The End of History

The End of History

Let us remove all history.
Let us erase all tradition.
Let us purge ourselves of every story
until we arrive at this moment…
Adrift, but free of ancient ties.

Let us round all edges.
Let us soften the contrast between us.
Let us muddle all hues.
Let us blend in, fit in and slide in.
Let’s let everything go until
each and everything about us is
going, going…gone.

Nameless Historically Ambiguous Art

Historically Ambiguous Art

 

Let us forget the names of every bridge.
Let us forget the names of every street.
Let us forget the names of every building.
Let us forget the names of every river, stream and creek.
Let’s not rename but un-name everything.

Let us void anything referencing any moment
from any past anywhere at any time.
Then we’ll meld together and hum.

Let us make music into a single note…
A buzzing droning sound without words.
It’s what we’ll hear in our heads
after we’ve freed ourselves from history.

Let’s unburden ourselves of words by severing their roots.
Let’s excuse ourselves from all languages.
Let’s build another tower of babble and hum.
But then, what is that?

Aldkfji ierjddl adlfkd oeirue
oeiruei sldkfjv aodif, alsdkf.
Eoridk lsdfkjdk aldkfdk irkrp,
oeik oaidfd ldkfdjdk.

111000111000111000
00011100110011001100
110011001100110011001100
000011110000111100011100

Gregory Zeorlin 5/11/2017 @ 7:33am

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The Original Soup

At a hefty 475 words this entry isn’t going to be completely read by most who start it. (But if it was only 474 words long would a few more be able to read it to the end? Hmm.). This soup idea started because I want to make real soup today. So sip on this soup of mixed and chopped words dear imaginary readers and you few real ones too.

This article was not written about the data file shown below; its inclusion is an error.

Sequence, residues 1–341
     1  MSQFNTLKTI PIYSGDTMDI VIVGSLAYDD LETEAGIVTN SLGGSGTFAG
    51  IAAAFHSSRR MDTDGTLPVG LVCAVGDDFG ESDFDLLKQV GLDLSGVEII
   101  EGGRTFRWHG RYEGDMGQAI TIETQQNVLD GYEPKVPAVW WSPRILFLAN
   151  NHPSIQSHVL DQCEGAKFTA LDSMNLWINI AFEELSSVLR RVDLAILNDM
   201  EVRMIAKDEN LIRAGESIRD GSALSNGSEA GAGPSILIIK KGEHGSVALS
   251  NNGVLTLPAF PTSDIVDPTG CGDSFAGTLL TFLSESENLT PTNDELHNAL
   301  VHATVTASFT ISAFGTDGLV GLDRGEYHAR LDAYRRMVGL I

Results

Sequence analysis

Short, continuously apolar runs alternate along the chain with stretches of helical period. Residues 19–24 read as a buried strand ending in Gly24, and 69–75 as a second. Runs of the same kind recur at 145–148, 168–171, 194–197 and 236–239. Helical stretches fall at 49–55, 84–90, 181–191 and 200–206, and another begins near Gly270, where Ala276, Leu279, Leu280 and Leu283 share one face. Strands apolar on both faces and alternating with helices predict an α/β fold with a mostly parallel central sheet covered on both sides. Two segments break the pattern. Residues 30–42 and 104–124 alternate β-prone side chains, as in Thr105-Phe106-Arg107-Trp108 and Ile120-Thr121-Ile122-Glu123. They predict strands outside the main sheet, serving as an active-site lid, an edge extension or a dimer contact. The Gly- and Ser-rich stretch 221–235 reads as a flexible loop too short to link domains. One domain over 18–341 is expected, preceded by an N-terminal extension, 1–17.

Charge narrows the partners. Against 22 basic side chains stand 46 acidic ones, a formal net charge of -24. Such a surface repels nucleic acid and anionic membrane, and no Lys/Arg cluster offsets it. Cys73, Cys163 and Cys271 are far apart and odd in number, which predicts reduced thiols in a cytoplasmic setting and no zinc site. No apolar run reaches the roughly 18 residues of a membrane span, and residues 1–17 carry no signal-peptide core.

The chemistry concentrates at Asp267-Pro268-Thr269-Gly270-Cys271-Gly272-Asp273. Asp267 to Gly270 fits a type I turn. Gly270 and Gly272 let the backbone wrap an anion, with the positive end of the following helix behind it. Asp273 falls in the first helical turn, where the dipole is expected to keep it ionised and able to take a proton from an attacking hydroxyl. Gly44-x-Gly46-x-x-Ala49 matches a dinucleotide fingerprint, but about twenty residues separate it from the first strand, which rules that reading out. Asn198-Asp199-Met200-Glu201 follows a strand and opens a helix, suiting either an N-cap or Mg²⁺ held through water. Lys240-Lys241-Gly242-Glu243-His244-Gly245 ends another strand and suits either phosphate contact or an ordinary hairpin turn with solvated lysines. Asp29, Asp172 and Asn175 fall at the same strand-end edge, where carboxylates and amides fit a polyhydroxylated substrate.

Word Soup

Word Soup

The Original Soup

Long ago someone made a pot of soup. The pot of soup was shared. Most liked the soup. Some thought the soup was so-so.

Those who liked the soup came back and watched the soup being made. They went away and made more of the soup. Then those pots of soup were shared. Most liked the soup. Some thought the soup was still so-so.

Many pots of soup were made from memory. Over and over the soup was shared. So much soup was shared some never saw the original soup being made. But those soup lovers still wanted the recipe. So someone wrote it down the best they could recall.

More soup was made and more recipes were written down from memory. Eventually the recipe was everywhere although no one knew who wrote it. So the pots of soup started to change. Some soups were liked more. Some soups were so-so. Some said they had the right soup. Some disagreed.

People started cooking soup with any recipe that tasted right to them. And soup started being made in different shaped soup pots. Some liked the copper pots for soup the best. Some liked cast iron pots for the soup. Some thought the soup from any of the pots was so-so, but they were still hungry.

One day many different pots of soup appeared at the same place to be shared. People who talked about the right recipe for soup had to choose a soup line. People split up into many soup lines and looked at one another. Some encouraged others to join their line for the right soup. Some discouraged others from getting in their soup line. Some said nothing since they thought all the lines were so-so, as was the soup. They were hungry and got in the line that served soup in the biggest bowls.

Now no one knows who wrote the original soup recipe. But some say they know. And others went to cooking schools to learn to cook soup. Few cooked their own soup at home and sipped whatever soup was served in the lines. Eventually a few soup sippers started talking about making soup from scratch without a recipe.

The official recipe keepers and trained soup cooks were upset. They didn’t want others cooking soup on their own and warned of the troubles to follow. Then the recipe writers and soup line organizers got worried. Many people were unsatisfied with the official soups but still wanted soup.

Dissatisfied soup sippers started cooking soup at home from scratch without a recipe. They followed their tastes and their soups seemed right to them. So they shared their pots of soup with others. Some liked all the soups. Some only liked one soup. Some thought all the soups were so-so. And the soup pot maker lived happily ever after.

Gregory Zeorlin 2/24/2015 @ 11am + 2/25/15 @ 7:10am

Read more of my writing: http://www.ZeorlinArt.com